Assignment 2 -- The Linear Associator

Due by class time Monday, October 7


For our first real experiment in neural modelling let us investigate the linear associator model for associative memory.  This model displays many of the virtues of distributed neural models and is easy to implement.  It is described in detail in Chapters 6 and 7 of the textbook.  A general discussion of the theory behind linear associators can be found on pages 163-168.

You will make use of the programs you developed in the first assignment.  Your basic strategy will be to write a program that implements a linear associator and then study it just as you would study any new system.  I will make some suggestions for things to look at, but please feel encouraged to try your own ideas.  Because many of the qualitative properties displayed by the linear associator are shown by more complex neural models it is worth taking some care with the writeup and experimentation for this assignment.

The essence of this assignment is to show that a generalized Hebb synapse realizes a powerful associative system.  In fact, almost all variants of Hebb synapses realize associative systems, one of the things that initially caused most people to believe that they must exist in some form or other in the nervous system given the associative nature of human memory.  There is now very good biological evidence for Hebb synapses, probably of several kinds, in the brain.

Your task in this simulation will have several parts.

Part One

You should generate normalized random vectors as test patterns and use them to construct a weight matrix W.  A good dimensionality to use at first would be between 50 and 100.  You should know how to generate such vectors from Assignment 1.  (Interesting simulation question:  does it make a difference whether you use elements with normally distributed, uniformly distributed, or random binary values, that is, +1/-1?  Obviously the length of the vector makes a difference, but does the distribution of element values?  In fact, it makes almost no difference.  You might want to verify this on your own, however.  A much more difficult question asks: if element values can be -1, 0, or +1, does the fraction of zeros make a difference?  This question touches on hard questions about data representation.)

Your job in the simulation is to generate random vectors f and g, compute W, and show that W f gives an output g0 in the same direction as g.  (Actually, with normalized input and learning rate 1, vectors g and g0 will be equal.)  Specifically, compute the cosine between g and g0 .  It should be one.  Compute the length of g0 .  It should be one as well.  Generate a new normalized random vector f'.  Check to see if it is more or less orthogonal to f by looking at the cosine of the angle between f and f'.  Compute W f' and look at the length of this vector.  What do you think it should be?  What is it?

Part Two

Next, store different numbers of associations f -> g in the memory.
  1. Generate pairs of random vectors fi -> gi

  2. Compute the outer product matrices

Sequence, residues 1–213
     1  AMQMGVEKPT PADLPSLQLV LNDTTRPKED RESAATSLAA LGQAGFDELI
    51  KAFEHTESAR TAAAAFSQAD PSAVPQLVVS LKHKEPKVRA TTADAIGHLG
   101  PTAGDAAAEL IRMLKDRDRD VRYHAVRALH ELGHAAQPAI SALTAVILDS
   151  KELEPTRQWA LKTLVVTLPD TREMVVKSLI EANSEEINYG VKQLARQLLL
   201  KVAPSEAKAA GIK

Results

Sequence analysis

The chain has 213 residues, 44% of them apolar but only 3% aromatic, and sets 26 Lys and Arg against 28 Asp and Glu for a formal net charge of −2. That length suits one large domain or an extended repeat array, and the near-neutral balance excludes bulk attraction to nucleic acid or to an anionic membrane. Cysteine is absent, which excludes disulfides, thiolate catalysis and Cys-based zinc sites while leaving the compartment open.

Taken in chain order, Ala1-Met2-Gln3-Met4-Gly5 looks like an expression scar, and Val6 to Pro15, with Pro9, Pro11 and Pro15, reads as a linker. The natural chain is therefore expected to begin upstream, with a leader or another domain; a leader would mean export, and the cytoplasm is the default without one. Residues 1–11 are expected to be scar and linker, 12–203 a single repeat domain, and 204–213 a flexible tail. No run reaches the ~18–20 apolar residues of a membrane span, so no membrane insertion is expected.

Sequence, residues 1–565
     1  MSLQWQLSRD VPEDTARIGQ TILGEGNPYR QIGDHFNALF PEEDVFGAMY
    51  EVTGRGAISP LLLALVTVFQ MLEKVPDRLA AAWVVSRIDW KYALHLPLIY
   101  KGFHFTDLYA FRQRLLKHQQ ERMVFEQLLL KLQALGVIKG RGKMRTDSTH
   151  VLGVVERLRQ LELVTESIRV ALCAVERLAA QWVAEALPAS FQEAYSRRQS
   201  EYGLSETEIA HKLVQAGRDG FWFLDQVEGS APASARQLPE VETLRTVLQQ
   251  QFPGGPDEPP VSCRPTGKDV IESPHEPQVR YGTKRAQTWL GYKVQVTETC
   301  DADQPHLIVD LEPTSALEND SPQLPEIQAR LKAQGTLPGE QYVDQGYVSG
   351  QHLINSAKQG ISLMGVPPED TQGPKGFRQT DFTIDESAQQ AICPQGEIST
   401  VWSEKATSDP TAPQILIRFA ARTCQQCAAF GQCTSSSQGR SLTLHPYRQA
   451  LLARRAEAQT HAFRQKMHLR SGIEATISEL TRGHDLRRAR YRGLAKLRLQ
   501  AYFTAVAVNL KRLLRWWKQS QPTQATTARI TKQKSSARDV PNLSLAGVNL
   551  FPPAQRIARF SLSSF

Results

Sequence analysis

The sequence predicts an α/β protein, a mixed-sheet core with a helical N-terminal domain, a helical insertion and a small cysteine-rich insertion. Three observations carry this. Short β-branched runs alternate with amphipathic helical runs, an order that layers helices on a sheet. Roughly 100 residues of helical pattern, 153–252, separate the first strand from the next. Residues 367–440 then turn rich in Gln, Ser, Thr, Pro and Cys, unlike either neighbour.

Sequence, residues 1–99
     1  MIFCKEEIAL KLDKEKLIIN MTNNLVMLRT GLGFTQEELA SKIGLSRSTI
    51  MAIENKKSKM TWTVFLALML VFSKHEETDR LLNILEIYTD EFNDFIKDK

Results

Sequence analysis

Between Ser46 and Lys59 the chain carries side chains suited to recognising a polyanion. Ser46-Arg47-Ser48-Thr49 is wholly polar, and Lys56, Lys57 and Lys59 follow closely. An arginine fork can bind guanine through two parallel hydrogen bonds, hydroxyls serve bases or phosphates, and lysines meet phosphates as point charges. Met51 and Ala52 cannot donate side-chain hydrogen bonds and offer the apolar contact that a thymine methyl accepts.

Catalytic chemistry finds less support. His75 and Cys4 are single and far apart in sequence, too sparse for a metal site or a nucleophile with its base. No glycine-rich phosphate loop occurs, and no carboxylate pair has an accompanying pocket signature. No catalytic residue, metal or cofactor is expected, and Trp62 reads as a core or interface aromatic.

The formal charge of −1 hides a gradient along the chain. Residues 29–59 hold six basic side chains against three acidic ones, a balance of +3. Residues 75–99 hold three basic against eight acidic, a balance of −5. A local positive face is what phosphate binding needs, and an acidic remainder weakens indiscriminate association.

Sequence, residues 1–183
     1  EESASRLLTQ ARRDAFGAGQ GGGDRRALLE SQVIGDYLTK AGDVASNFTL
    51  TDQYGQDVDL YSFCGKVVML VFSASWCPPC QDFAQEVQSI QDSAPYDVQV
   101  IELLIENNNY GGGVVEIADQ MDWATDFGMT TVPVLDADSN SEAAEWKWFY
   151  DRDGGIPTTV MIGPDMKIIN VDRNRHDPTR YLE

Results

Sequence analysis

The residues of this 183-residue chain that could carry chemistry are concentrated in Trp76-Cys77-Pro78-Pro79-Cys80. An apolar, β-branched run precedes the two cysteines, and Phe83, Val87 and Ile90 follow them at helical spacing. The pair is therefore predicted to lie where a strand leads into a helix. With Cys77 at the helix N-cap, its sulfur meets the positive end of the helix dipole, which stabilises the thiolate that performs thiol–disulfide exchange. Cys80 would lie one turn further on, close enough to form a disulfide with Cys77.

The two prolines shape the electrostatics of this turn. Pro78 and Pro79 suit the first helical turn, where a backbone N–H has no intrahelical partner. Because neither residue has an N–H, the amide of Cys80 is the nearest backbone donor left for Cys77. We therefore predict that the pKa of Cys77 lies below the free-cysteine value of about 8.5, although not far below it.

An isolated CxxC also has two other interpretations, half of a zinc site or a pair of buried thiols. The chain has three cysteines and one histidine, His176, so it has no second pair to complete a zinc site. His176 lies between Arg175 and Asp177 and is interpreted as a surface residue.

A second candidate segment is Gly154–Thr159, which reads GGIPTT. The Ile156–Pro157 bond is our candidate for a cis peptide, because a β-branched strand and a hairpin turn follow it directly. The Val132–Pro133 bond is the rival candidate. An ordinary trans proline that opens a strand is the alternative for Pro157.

3. Form the overall connectivity matrix, W, as the sum of the individual outer product matrices
W will change as it accumulates more and more pairs.  Constructing truly orthogonal sets of vectors can be done but is not easy except for one trivial case.  (What is it?)  So trust to high dimensionality to give you approximate orthogonality, which is a more realistic and interesting case in any event.  Then test the resulting matrix as follows:
  1. Compute the output for each stored input.

  2. Compare it with what it should be by computing the cosine between the actual output and the true association.  Also compute the length of the output vector.  Both values should be close to one.

  3. Compute the average cosine and length for the entire set of stored inputs.

  4. Generate a new set of random vectors and compute the matrix product between each of these vectors and the matrix.  If our system is to develop any selectivity, we would hope that the output of the system to a new random vector would be small.  Compute the length of the outputs for the vectors and compare the lengths to what was stored.  Compute the average length.  If you feel ambitious, you might plot the "data" collected here in the form of a histogram as you did before.

  5. Repeat for different numbers of stored vectors, and observe how the behavior of the system deteriorates as more and more vectors are stored.  For example, if you work with a 50 dimensional system, interesting numbers of stored vectors to look at might range from 1 (should be perfect) to 60 (should be poor) with a few intermediate values.

Part Three

Perform a computational experiment using the system.  You only need to do one of the below, or, better yet, think up your own.

Turning in Your Homework

You may use Java, C/C++, MATLAB, Perl, or any other reasonable programming language for this assignment. Your code should be handed in electronically, using the cs152submit (or cs152submitall) command on turing. A file called README.txt that explains clearly how to compile and run your simulation is also required. In addition, please turn in a writeup of your experiments in class. Your writeup should explain as clearly as possible what experiments you did, what results you got, and what you concluded from it all. Think of it as a science lab report.

Based on an assignment by James A. Anderson